On August 4, the NHC began monitoring a non-tropical low over the northern Atlantic Ocean for tropical or subtropical development. Initially, convection remained very limited, with the system consisting mostly of a convectionless swirl interacting with an upper-level low. However, as the system moved into a more favorable environment it gradually began to acquire subtropical characteristics. At 15:00 UTC on August 7, the low had developed sufficiently organized convection to be classified as Subtropical Storm Debby. The storm slowly gained tropical characteristics as it travelled northwards, and by 09:00 UTC on August 8, Debby became fully tropical, with sustained winds increasing to 45 mph (75 km/h). Despite marginal ocean temperatures, Debby continued to strengthen, peaking with maximum sustained winds of 50 mph (85 km/h). Afterward, Debby began to weaken as it began to lose tropical characteristics. At 21:00 UTC on August 9, Debby degenerated into a post-tropical cyclone, as it accelerated northeastward ahead of a shortwave trough.Tropical Storm Ernesto Tropical storm (SSHWS) Duration August 15 – August 18Peak intensity 45 mph (75 km/h) (1-min) 999 mbar (hPa)
A complex non-tropical low pressure system formed over the northern Atlantic on August 12. As the low drifted southeastward and slowly weakened, a new low formed to the east of the system on August 14. The new low quickly acquired subtropical characteristics, and by 09:00 UTC on August 15, the low had organized sufficiently to be classified as a subtropical depression. At 15:00 UTC that same day, the depression became Subtropical Storm Ernesto. On August 16, the storm attempted to transition into a fully tropical cyclone—as convection started to form near the center—however, it soon decayed. Nevertheless, another burst of convection formed near the center a few hours later, indicating that Ernesto successfully transitioned into a tropical cyclone. On August 17, Ernesto began accelerating towards the northeast, as the system was caught up in the jet stream. The next day, the storm transitioned into an extratropical cyclone. The remnants of Ernesto impacted Ireland and the United Kingdom on August 19.Hurricane Florence Tropical Storm FlorenceTS Current storm status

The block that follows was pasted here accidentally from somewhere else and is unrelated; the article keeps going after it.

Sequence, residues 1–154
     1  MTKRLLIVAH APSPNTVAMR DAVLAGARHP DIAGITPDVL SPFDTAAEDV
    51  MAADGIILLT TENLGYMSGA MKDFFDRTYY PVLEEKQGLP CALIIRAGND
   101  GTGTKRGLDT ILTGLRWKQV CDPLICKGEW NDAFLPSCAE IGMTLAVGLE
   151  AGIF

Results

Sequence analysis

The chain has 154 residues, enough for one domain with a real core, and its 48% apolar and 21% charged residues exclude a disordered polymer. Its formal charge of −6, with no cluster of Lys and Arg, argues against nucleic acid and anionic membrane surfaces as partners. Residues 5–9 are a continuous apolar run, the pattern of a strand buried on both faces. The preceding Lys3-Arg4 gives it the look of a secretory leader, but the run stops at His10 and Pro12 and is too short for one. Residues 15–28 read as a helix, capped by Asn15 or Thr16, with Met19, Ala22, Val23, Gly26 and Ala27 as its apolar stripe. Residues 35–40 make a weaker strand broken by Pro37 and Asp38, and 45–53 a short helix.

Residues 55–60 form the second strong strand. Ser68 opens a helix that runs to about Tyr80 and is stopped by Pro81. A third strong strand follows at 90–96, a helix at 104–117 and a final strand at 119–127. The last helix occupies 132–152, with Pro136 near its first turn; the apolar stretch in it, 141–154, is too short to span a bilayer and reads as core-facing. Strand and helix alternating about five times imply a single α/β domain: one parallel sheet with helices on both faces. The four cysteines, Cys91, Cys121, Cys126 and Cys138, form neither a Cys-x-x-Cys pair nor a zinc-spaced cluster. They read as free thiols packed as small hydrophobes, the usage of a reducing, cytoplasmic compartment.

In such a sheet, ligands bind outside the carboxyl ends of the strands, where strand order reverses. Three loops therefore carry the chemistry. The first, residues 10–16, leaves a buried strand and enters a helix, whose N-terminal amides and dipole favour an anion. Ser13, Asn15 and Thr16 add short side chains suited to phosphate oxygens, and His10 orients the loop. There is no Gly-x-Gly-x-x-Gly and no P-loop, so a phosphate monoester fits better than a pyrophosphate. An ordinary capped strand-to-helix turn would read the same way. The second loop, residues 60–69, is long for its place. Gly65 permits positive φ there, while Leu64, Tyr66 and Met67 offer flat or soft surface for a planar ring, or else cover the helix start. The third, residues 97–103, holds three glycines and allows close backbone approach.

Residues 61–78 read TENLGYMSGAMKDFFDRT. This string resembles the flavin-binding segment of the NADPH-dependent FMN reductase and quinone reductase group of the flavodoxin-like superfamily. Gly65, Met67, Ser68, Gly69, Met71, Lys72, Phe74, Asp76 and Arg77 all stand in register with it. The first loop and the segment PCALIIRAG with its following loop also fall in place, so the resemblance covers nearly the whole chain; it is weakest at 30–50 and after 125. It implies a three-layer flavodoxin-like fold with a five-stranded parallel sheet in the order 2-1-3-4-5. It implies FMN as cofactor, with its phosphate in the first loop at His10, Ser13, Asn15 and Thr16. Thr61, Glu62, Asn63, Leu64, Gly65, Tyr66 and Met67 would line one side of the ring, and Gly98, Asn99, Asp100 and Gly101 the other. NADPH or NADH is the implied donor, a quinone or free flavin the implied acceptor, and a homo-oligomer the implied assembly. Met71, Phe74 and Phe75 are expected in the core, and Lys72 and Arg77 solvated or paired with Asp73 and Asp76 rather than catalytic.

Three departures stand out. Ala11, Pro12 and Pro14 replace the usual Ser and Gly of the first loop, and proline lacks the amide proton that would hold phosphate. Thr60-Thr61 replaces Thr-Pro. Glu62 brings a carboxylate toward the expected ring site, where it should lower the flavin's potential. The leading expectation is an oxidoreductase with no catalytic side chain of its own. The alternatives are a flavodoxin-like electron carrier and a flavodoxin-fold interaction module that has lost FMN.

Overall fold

On August 28, the NHC first mentioned the possibility of tropical cyclone formation from a tropical wave expected to exit western Africa. Two days later, the tropical wave moved off the coast of Senegal with disorganized thunderstorms, and a well-defined low-pressure area. Due to the system's threat to the Cape Verde islands, the NHC initiated advisories on Potential Tropical Cyclone Six at 15:00 UTC on August 30. The system organized into Tropical Depression Six at 21:00 UTC on August 31. Early on September 1, Tropical Depression Six strengthened into Tropical Storm Florence. Gradual intensification occurred as Florence continued west-northwestward across the central Atlantic, and at 15:00 UTC on September 4, it intensified into the third hurricane of the season. On September 5, Florence unexpectedly underwent rapid intensification into a Category 3 major hurricane. Rapid intensification continued and at 5:00 p.m. AST (21:00 UTC), Florence intensified into a Category 4 hurricane at 22°24′N 46°12′W / 22.4°N 46.2°W / 22.4; -46.2 (Florence), farther northeast than any previous Category 4 hurricane in the Atlantic during the satellite era. However, rapid intensification caused the now-stronger storm to veer poleward into a zone of greater vertical wind shear; over the next 30 hours, Florence rapidly weakened to a tropical storm as its cloud pattern became distorted.Current storm information
As of 5:00 a.m. AST (09:00 UTC) September 8, Tropical Storm Florence is located within 25 nautical miles of 24°30′N 54°12′W / 24.5°N 54.2°W / 24.5; -54.2 (Florence), about 840 miles (1,350 km) southeast of Bermuda, or about 720 miles (1,155 km) northeast of the northern Leeward Islands. Maximum sustained winds are 55 knots (65 mph; 100 km/h), with gusts to 65 knots (75 mph; 120 km/h). The minimum barometric pressure is 997 mbar (hPa; 29.44 inHg), and the system is moving west at 8 knots (9 mph; 14 km/h). Tropical storm-force winds extend outward up to 140 miles (220 km) from the center of Florence.
For latest official information, see: